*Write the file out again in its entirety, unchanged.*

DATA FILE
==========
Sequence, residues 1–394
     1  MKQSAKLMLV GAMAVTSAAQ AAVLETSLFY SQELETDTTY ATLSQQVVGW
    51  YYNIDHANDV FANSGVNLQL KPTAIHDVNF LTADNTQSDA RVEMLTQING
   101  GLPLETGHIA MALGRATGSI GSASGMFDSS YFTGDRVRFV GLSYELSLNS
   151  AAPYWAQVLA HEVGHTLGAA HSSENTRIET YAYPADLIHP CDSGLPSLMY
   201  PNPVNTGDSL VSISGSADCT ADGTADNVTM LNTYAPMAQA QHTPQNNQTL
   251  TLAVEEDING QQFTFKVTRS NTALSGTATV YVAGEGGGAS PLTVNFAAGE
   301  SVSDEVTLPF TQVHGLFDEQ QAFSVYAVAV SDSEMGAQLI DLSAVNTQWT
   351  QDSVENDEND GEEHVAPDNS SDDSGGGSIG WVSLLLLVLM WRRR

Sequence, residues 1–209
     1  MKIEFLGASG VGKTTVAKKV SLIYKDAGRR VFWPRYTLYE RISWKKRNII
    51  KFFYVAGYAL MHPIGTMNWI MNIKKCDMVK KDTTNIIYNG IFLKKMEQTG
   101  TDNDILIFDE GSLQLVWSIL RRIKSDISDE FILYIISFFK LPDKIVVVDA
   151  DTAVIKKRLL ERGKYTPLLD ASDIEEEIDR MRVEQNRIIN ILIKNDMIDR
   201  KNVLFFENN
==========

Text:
Sequence, residues 1–394
     1  MKQSAKLMLV GAMAVTSAAQ AAVLETSLFY SQELETDTTY ATLSQQVVGW
    51  YYNIDHANDV FANSGVNLQL KPTAIHDVNF LTADNTQSDA RVEMLTQING
   101  GLPLETGHIA MALGRATGSI GSASGMFDSS YFTGDRVRFV GLSYELSLNS
   151  AAPYWAQVLA HEVGHTLGAA HSSENTRIET YAYPADLIHP CDSGLPSLMY
   201  PNPVNTGDSL VSISGSADCT ADGTADNVTM LNTYAPMAQA QHTPQNNQTL
   251  TLAVEEDING QQFTFKVTRS NTALSGTATV YVAGEGGGAS PLTVNFAAGE
   301  SVSDEVTLPF TQVHGLFDEQ QAFSVYAVAV SDSEMGAQLI DLSAVNTQWT
   351  QDSVENDEND GEEHVAPDNS SDDSGGGSIG WVSLLLLVLM WRRR

Sequence, residues 1–209
     1  MKIEFLGASG VGKTTVAKKV SLIYKDAGRR VFWPRYTLYE RISWKKRNII
    51  KFFYVAGYAL MHPIGTMNWI MNIKKCDMVK KDTTNIIYNG IFLKKMEQTG
   101  TDNDILIFDE GSLQLVWSIL RRIKSDISDE FILYIISFFK LPDKIVVVDA
   151  DTAVIKKRLL ERGKYTPLLD ASDIEEEIDR MRVEQNRIIN ILIKNDMIDR
   201  KNVLFFENN